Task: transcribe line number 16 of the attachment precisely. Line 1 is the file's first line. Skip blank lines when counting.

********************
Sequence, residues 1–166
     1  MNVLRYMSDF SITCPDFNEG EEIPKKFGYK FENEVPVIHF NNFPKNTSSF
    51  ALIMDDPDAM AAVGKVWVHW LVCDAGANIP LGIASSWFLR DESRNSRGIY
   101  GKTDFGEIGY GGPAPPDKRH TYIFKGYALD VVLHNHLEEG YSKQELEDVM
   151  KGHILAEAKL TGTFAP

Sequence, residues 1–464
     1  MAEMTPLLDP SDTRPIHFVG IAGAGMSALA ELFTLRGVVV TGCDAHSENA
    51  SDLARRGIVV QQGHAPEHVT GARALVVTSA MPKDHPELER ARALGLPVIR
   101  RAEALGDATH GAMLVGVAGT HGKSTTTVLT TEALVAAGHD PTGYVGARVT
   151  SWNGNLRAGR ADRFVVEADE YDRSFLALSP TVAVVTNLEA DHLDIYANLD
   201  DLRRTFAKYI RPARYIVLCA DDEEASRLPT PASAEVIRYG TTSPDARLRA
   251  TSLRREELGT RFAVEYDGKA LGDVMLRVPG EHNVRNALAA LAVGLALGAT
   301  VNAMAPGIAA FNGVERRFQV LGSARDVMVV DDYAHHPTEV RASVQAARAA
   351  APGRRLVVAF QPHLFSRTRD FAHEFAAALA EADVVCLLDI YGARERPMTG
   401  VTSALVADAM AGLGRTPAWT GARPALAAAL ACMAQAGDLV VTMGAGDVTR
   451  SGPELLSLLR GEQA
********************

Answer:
   451  SGPELLSLLR GEQA